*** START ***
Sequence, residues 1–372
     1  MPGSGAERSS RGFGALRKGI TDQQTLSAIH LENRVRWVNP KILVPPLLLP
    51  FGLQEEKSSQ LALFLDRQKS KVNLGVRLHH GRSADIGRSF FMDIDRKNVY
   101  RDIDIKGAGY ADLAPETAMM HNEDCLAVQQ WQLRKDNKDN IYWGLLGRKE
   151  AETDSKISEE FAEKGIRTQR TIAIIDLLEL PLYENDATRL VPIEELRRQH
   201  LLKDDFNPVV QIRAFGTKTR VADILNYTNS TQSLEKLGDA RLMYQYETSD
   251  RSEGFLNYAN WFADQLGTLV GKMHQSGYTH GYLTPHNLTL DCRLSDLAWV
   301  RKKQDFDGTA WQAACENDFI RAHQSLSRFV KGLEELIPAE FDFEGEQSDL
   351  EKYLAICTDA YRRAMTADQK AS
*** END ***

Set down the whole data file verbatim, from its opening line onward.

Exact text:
Sequence, residues 1–372
     1  MPGSGAERSS RGFGALRKGI TDQQTLSAIH LENRVRWVNP KILVPPLLLP
    51  FGLQEEKSSQ LALFLDRQKS KVNLGVRLHH GRSADIGRSF FMDIDRKNVY
   101  RDIDIKGAGY ADLAPETAMM HNEDCLAVQQ WQLRKDNKDN IYWGLLGRKE
   151  AETDSKISEE FAEKGIRTQR TIAIIDLLEL PLYENDATRL VPIEELRRQH
   201  LLKDDFNPVV QIRAFGTKTR VADILNYTNS TQSLEKLGDA RLMYQYETSD
   251  RSEGFLNYAN WFADQLGTLV GKMHQSGYTH GYLTPHNLTL DCRLSDLAWV
   301  RKKQDFDGTA WQAACENDFI RAHQSLSRFV KGLEELIPAE FDFEGEQSDL
   351  EKYLAICTDA YRRAMTADQK AS